Philly’s Colored Girls Museum prescribes the sanctuary of home for ‘A Good Night’s Sleep’

The future of health care; missing children; divine absurdities — these are just a few of the things keeping Vashti DuBois up at night. The installation “A Good Night’s Sleep” addresses DuBois’ insomnia and that of other colored girls prescriptively, in different rooms of The Colored Girls Museum in Northwest Philadelphia.

On the third-floor, the Triage Suite holds a fort of billowing pastel curtains dreamily inviting visitors to curl themselves into woven baskets for a nap meditation. In the Recovery Suite, dolls and quilts beg to be held invoking feelings of security.

Throughout the museum — also the home of DuBois, its director and founder — masks, vases, paintings, stained glass and cartoons reflect the experiences of colored girls. The objects are meant to be interacted with as artifacts. “They announce presence, but they also hold place, not just in the museum, but in the community,” said DuBois. The objects have all of the history of the mothers, the grandmothers, and the great grandmothers, she adds.

It was not a difficult decision for DuBois to open up her own home as a museum. “When black folks weren’t really allowed or able to afford other spaces, we really gathered in our home spaces, and home is really important right now as spaces of sanctuary,” she said.

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It’s an idea she’s developed since working with adjudicated delinquent girls between the ages of 14 and 17 at the Girls Center in Philadelphia years ago. She noticed a lack of spaces to take them where they could see themselves, so she paired girls with professional artists to turn the center into a home.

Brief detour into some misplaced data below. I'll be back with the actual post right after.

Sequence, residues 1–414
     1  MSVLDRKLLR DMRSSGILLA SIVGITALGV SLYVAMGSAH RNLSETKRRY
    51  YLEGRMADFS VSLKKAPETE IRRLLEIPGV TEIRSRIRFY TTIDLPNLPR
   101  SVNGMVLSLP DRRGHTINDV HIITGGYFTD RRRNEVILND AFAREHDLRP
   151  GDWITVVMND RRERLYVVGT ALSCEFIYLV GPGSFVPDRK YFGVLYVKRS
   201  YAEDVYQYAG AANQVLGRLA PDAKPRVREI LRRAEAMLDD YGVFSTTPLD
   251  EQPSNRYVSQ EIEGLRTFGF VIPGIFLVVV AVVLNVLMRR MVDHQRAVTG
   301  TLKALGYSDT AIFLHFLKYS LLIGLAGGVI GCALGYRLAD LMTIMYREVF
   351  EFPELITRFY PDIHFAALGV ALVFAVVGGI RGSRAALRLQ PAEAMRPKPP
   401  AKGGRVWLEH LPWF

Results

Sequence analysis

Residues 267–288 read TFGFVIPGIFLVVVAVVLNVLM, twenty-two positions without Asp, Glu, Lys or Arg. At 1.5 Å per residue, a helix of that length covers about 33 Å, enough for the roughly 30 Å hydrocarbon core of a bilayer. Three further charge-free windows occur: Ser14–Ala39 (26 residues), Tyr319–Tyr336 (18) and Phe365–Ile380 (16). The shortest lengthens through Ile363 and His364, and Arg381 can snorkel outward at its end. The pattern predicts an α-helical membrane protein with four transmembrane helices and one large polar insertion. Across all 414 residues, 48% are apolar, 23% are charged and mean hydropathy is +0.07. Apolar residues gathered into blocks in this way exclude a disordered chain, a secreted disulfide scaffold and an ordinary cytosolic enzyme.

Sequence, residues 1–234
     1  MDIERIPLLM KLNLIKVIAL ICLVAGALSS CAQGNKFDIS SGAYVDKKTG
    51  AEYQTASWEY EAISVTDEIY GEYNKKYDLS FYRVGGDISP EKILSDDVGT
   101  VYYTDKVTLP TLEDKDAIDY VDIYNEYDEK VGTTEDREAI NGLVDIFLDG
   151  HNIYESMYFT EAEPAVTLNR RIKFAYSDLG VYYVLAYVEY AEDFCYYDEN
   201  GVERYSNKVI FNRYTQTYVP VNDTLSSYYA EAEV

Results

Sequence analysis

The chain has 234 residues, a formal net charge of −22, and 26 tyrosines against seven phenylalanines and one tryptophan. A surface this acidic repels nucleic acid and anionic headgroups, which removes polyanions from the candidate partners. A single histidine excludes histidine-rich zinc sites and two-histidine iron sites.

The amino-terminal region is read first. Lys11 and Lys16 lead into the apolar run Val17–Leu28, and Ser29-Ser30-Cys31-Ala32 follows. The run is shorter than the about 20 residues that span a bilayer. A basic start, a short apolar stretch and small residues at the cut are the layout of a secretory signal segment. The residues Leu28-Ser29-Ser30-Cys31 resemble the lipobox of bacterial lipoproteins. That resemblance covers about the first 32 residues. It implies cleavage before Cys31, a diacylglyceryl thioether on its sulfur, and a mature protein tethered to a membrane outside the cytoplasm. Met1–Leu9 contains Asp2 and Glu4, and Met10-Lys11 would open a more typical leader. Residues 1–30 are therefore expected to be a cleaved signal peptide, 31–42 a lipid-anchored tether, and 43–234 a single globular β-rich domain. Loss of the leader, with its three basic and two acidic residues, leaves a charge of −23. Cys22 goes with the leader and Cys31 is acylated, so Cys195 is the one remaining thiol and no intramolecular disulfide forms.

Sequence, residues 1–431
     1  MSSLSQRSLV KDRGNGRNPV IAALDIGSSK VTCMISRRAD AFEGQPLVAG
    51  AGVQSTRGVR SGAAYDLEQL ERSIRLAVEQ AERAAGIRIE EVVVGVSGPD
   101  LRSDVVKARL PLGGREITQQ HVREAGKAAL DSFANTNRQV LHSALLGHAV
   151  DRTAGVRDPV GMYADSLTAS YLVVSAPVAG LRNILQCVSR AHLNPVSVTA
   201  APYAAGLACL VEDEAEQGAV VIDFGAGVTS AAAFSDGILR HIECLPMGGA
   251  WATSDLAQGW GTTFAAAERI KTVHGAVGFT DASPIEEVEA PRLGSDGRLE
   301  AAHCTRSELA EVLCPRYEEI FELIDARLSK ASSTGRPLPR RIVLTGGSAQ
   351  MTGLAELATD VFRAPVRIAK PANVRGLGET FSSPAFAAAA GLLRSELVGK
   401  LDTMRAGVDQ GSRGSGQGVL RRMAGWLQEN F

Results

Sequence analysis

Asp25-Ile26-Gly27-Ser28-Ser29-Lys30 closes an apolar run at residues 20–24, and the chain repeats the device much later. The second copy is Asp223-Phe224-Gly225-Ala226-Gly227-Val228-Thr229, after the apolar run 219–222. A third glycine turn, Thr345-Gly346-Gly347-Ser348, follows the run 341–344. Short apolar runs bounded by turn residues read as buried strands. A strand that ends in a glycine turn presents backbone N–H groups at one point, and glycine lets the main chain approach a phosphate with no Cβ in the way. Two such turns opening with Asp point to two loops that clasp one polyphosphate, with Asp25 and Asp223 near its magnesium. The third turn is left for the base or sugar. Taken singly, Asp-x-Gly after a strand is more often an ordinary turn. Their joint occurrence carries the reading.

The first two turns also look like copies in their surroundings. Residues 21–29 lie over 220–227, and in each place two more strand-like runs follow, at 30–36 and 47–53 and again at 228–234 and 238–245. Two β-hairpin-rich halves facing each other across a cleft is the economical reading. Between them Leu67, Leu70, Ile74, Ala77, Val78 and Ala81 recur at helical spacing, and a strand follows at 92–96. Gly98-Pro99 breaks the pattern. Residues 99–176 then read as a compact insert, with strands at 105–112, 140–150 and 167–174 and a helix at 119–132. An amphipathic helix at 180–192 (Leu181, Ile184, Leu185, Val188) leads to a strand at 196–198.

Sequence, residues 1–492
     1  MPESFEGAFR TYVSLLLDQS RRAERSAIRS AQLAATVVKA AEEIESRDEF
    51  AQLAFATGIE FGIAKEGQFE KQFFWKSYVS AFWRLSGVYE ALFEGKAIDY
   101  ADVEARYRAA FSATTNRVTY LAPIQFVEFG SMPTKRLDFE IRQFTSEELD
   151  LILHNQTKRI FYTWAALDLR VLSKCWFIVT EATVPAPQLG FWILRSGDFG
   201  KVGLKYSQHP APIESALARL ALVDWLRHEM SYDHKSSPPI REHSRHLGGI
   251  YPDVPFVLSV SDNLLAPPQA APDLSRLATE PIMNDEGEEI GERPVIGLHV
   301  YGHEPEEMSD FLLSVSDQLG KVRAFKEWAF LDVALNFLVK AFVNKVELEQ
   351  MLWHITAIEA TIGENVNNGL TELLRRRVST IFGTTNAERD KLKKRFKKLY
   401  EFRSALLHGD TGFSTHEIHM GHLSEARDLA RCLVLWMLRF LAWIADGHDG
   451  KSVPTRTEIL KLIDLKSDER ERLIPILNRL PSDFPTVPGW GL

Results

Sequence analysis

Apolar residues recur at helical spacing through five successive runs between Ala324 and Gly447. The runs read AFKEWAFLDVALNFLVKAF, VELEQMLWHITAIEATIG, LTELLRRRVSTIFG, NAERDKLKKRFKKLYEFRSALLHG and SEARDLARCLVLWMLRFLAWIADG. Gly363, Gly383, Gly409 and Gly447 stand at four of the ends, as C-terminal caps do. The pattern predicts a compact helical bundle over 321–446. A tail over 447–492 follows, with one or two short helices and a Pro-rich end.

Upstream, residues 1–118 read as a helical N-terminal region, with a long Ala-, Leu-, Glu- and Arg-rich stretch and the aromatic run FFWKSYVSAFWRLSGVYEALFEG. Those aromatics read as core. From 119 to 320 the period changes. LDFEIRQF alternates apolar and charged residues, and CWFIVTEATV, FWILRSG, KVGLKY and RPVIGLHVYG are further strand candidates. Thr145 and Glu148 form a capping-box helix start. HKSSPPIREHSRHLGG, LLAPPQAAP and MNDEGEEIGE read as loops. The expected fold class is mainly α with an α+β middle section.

DuBois, curator Michael Clemmons, and associate director Ian Friday financially support The Colored Girls Museum themselves, along with the artists. She says it might seem strange to some to have two black men in leadership roles, but the museum is for “anyone who is ready for a conscious revolution.”

“One of the things that we say here at the Colored Girls Museum, right, is that if you don’t know everybody’s story, you don’t know anybody’s story.”

The final spring preview showing of A Good Night’s Sleep Act Two: Urgent Care is Sunday, May 21. 

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